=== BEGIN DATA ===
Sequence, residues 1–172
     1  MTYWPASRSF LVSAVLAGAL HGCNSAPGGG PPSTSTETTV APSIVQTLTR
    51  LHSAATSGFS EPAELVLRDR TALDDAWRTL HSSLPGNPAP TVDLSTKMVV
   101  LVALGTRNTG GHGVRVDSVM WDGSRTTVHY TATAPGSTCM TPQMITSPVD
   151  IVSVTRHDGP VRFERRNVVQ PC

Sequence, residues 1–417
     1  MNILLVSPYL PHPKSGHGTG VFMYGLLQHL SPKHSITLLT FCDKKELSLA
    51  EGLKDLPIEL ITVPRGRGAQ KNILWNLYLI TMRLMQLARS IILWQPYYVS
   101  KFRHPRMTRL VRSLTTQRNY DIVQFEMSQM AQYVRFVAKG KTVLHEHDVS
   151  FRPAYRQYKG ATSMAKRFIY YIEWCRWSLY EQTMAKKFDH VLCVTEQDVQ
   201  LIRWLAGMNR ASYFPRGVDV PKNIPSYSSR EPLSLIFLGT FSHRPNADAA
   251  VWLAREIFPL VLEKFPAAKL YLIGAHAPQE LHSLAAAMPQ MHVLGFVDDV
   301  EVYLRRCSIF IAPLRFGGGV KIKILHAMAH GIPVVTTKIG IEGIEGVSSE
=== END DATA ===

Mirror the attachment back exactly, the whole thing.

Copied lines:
Sequence, residues 1–172
     1  MTYWPASRSF LVSAVLAGAL HGCNSAPGGG PPSTSTETTV APSIVQTLTR
    51  LHSAATSGFS EPAELVLRDR TALDDAWRTL HSSLPGNPAP TVDLSTKMVV
   101  LVALGTRNTG GHGVRVDSVM WDGSRTTVHY TATAPGSTCM TPQMITSPVD
   151  IVSVTRHDGP VRFERRNVVQ PC

Sequence, residues 1–417
     1  MNILLVSPYL PHPKSGHGTG VFMYGLLQHL SPKHSITLLT FCDKKELSLA
    51  EGLKDLPIEL ITVPRGRGAQ KNILWNLYLI TMRLMQLARS IILWQPYYVS
   101  KFRHPRMTRL VRSLTTQRNY DIVQFEMSQM AQYVRFVAKG KTVLHEHDVS
   151  FRPAYRQYKG ATSMAKRFIY YIEWCRWSLY EQTMAKKFDH VLCVTEQDVQ
   201  LIRWLAGMNR ASYFPRGVDV PKNIPSYSSR EPLSLIFLGT FSHRPNADAA
   251  VWLAREIFPL VLEKFPAAKL YLIGAHAPQE LHSLAAAMPQ MHVLGFVDDV
   301  EVYLRRCSIF IAPLRFGGGV KIKILHAMAH GIPVVTTKIG IEGIEGVSSE